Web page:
Wikipedia:WikiProject Military history/News/June 2014/Articles
New Featured Articles
- Æthelred, Lord of the Mercians (Dudley Miles)
- As the ruler of Mercia, Æthelred was an ally of Alfred the Great in the war against the Vikings at the end of the ninth century. Nominator Dudley Miles took the article through GAN, ACR and FAC in quick succession from March to May.
- Audie Murphy (Maile)
- Murphy is probably the best-known American soldier of World War II, and was awarded every U.S. military award for valor available from the U.S. Army, including the Medal of Honor. Having passed through PR, GAN and ACR, this has become Maile's first successful FA-Class nomination, and is the cornerstone of a series of articles on Murphy that he hopes to take to Featured Topic status.
- Empress Matilda (Hchc2009)
- In his nomination statement, Hchc2009 described Matilda as "one of the few female war-time leaders of the medieval period" and noted that she was characterised as being "of the stock of tyrants". The article underwent GAN and ACR before achieving Featured status.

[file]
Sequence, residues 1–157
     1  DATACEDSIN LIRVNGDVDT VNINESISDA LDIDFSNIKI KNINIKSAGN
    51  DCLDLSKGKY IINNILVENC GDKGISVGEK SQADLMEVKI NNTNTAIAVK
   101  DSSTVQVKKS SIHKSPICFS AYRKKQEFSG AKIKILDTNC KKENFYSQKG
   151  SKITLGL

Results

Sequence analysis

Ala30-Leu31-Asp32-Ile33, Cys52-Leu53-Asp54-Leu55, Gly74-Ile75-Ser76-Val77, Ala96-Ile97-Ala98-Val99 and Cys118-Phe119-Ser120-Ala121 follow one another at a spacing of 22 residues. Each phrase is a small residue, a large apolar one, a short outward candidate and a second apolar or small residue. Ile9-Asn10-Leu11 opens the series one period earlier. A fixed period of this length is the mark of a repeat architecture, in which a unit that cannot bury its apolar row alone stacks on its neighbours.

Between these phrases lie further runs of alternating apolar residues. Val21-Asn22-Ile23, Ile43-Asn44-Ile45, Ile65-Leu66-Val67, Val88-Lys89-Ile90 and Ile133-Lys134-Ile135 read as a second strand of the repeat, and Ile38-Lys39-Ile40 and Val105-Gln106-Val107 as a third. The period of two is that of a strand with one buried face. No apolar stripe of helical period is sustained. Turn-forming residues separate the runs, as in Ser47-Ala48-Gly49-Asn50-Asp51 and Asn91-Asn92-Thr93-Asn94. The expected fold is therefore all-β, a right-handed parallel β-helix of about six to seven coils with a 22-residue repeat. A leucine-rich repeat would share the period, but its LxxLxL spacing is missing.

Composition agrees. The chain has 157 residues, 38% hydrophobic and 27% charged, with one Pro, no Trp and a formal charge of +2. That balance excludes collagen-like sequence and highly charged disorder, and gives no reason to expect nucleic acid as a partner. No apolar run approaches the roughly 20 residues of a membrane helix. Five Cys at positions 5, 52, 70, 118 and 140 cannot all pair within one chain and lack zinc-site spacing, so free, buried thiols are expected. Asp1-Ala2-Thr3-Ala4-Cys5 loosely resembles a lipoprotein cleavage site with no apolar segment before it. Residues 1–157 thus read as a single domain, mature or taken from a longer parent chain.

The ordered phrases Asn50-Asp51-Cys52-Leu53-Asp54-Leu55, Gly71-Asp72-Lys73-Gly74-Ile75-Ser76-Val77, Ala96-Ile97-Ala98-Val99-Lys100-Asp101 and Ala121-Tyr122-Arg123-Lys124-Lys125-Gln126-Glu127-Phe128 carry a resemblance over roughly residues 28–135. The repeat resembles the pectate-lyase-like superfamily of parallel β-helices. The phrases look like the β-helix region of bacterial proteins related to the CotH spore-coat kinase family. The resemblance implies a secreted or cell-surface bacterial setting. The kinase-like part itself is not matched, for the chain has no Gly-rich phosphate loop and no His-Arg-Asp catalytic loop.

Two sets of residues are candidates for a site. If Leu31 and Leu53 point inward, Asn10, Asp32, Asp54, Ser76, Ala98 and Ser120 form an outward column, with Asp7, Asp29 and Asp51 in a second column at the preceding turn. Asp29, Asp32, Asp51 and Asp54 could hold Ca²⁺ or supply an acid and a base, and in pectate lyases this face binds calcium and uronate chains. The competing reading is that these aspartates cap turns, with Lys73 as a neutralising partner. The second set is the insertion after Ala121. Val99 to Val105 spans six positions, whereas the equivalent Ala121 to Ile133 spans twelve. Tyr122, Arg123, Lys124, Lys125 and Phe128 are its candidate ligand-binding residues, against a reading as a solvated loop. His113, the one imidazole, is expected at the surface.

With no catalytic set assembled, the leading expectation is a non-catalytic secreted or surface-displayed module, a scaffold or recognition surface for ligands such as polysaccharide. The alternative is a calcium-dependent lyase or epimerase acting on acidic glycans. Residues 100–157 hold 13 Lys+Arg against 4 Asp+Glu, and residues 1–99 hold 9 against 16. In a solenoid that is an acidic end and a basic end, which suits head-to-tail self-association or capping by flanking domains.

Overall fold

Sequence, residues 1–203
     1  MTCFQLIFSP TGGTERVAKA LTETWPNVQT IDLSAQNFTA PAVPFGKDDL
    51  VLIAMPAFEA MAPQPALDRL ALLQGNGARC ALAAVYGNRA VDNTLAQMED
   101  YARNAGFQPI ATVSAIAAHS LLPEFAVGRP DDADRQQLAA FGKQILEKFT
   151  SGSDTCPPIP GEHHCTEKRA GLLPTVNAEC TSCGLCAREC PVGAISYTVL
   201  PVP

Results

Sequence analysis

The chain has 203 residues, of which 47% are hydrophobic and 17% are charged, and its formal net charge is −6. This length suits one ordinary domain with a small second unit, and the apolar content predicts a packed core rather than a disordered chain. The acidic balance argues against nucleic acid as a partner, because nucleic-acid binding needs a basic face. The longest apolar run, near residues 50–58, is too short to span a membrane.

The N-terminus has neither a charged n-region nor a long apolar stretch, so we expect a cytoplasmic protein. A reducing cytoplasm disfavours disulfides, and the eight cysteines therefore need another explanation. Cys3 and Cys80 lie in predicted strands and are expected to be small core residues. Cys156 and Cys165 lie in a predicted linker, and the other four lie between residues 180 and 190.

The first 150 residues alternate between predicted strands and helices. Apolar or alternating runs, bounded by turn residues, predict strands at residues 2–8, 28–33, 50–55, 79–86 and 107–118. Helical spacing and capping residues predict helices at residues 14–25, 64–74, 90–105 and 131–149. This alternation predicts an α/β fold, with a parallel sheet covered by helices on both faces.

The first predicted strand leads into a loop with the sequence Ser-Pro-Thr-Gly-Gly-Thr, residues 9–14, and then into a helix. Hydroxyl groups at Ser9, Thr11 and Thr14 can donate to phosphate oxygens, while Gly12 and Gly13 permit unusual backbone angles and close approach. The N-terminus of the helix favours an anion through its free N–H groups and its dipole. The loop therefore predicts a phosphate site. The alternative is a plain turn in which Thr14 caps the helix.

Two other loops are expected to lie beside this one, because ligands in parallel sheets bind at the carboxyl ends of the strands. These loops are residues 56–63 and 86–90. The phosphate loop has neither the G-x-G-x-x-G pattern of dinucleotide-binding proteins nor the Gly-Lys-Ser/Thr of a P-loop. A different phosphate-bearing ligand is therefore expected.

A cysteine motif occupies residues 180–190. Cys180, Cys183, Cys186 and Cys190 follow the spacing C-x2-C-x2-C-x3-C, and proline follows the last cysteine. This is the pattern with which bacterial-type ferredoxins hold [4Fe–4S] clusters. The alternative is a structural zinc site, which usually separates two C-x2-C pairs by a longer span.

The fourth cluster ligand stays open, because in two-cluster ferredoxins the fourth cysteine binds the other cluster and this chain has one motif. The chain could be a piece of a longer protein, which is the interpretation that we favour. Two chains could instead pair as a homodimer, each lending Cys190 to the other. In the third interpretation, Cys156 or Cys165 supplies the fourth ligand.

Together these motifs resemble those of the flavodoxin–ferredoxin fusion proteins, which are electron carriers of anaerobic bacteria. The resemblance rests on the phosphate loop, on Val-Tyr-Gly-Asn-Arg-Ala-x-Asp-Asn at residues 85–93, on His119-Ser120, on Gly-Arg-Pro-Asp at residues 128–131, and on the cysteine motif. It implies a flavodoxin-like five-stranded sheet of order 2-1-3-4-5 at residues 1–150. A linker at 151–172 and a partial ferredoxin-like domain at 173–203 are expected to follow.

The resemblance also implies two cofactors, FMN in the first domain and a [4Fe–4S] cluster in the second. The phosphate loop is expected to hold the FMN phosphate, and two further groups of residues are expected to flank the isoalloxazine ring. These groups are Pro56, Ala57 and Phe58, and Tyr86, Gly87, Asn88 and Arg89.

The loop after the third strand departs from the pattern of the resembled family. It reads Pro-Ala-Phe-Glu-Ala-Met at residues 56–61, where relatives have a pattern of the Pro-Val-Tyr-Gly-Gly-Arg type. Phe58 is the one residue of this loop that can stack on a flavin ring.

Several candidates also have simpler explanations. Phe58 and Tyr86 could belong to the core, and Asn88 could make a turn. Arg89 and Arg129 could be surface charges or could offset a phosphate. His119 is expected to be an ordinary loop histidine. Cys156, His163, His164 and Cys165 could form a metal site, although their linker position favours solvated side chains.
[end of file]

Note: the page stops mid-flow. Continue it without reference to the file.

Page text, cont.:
- No. 1 Flying Training School RAAF (Ian Rose)
- This article traces the surprisingly convoluted history of the Royal Australian Air Force's main pilot training unit for most of the period between 1921 and 1993. Ian developed the article to GA in 2011, and was able to expand the article to A/FA-standard after finding some key references in National Archives of Australia files.
- Oliver Bosbyshell (Wehwalt}
- Bosbyshell was Superintendent of the United States Mint at Philadelphia from 1889 to 1894. He was also a soldier and claimed to have been the first man in the Union Army to be wounded by enemy action in the American Civil War.
- Russian battleship Poltava (1894) (Sturmvogel and Buggie)